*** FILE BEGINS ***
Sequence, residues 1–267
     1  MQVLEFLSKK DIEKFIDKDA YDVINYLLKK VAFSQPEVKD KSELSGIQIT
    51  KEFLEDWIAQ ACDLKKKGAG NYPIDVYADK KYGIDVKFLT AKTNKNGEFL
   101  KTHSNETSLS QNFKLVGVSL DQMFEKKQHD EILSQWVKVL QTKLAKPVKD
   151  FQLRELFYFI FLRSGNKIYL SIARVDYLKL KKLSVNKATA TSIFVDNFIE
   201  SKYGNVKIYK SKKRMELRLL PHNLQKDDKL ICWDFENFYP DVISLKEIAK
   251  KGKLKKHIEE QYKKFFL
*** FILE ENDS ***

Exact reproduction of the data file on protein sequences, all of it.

Sequence, residues 1–267
     1  MQVLEFLSKK DIEKFIDKDA YDVINYLLKK VAFSQPEVKD KSELSGIQIT
    51  KEFLEDWIAQ ACDLKKKGAG NYPIDVYADK KYGIDVKFLT AKTNKNGEFL
   101  KTHSNETSLS QNFKLVGVSL DQMFEKKQHD EILSQWVKVL QTKLAKPVKD
   151  FQLRELFYFI FLRSGNKIYL SIARVDYLKL KKLSVNKATA TSIFVDNFIE
   201  SKYGNVKIYK SKKRMELRLL PHNLQKDDKL ICWDFENFYP DVISLKEIAK
   251  KGKLKKHIEE QYKKFFL